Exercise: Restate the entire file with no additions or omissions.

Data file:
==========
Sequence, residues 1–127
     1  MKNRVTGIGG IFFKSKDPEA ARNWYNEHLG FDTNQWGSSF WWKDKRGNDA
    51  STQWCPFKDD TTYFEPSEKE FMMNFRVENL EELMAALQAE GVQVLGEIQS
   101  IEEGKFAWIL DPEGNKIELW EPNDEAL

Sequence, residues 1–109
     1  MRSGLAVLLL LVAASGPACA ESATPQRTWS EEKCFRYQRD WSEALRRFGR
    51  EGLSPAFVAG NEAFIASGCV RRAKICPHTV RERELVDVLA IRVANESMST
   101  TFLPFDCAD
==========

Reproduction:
Sequence, residues 1–127
     1  MKNRVTGIGG IFFKSKDPEA ARNWYNEHLG FDTNQWGSSF WWKDKRGNDA
    51  STQWCPFKDD TTYFEPSEKE FMMNFRVENL EELMAALQAE GVQVLGEIQS
   101  IEEGKFAWIL DPEGNKIELW EPNDEAL

Sequence, residues 1–109
     1  MRSGLAVLLL LVAASGPACA ESATPQRTWS EEKCFRYQRD WSEALRRFGR
    51  EGLSPAFVAG NEAFIASGCV RRAKICPHTV RERELVDVLA IRVANESMST
   101  TFLPFDCAD